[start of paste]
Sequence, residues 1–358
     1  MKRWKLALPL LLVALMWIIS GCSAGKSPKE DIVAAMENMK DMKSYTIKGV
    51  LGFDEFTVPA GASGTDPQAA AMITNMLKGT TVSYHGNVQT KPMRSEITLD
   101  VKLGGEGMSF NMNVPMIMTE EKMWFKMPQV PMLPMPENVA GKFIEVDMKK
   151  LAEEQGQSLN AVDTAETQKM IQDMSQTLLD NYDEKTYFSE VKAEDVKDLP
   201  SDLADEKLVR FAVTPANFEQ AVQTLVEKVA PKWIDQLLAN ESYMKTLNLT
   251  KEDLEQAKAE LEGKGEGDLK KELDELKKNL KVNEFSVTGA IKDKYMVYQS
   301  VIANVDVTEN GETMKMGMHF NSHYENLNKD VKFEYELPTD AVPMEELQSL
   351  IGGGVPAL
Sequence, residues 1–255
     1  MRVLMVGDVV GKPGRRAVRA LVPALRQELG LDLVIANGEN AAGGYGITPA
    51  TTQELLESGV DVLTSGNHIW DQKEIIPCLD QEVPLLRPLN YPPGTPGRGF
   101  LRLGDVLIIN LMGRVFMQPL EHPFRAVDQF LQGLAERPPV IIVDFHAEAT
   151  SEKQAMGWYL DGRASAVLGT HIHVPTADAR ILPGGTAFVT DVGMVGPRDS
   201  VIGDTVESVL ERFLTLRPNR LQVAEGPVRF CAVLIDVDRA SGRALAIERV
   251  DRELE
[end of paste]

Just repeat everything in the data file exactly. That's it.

Sequence, residues 1–358
     1  MKRWKLALPL LLVALMWIIS GCSAGKSPKE DIVAAMENMK DMKSYTIKGV
    51  LGFDEFTVPA GASGTDPQAA AMITNMLKGT TVSYHGNVQT KPMRSEITLD
   101  VKLGGEGMSF NMNVPMIMTE EKMWFKMPQV PMLPMPENVA GKFIEVDMKK
   151  LAEEQGQSLN AVDTAETQKM IQDMSQTLLD NYDEKTYFSE VKAEDVKDLP
   201  SDLADEKLVR FAVTPANFEQ AVQTLVEKVA PKWIDQLLAN ESYMKTLNLT
   251  KEDLEQAKAE LEGKGEGDLK KELDELKKNL KVNEFSVTGA IKDKYMVYQS
   301  VIANVDVTEN GETMKMGMHF NSHYENLNKD VKFEYELPTD AVPMEELQSL
   351  IGGGVPAL
Sequence, residues 1–255
     1  MRVLMVGDVV GKPGRRAVRA LVPALRQELG LDLVIANGEN AAGGYGITPA
    51  TTQELLESGV DVLTSGNHIW DQKEIIPCLD QEVPLLRPLN YPPGTPGRGF
   101  LRLGDVLIIN LMGRVFMQPL EHPFRAVDQF LQGLAERPPV IIVDFHAEAT
   151  SEKQAMGWYL DGRASAVLGT HIHVPTADAR ILPGGTAFVT DVGMVGPRDS
   201  VIGDTVESVL ERFLTLRPNR LQVAEGPVRF CAVLIDVDRA SGRALAIERV
   251  DRELE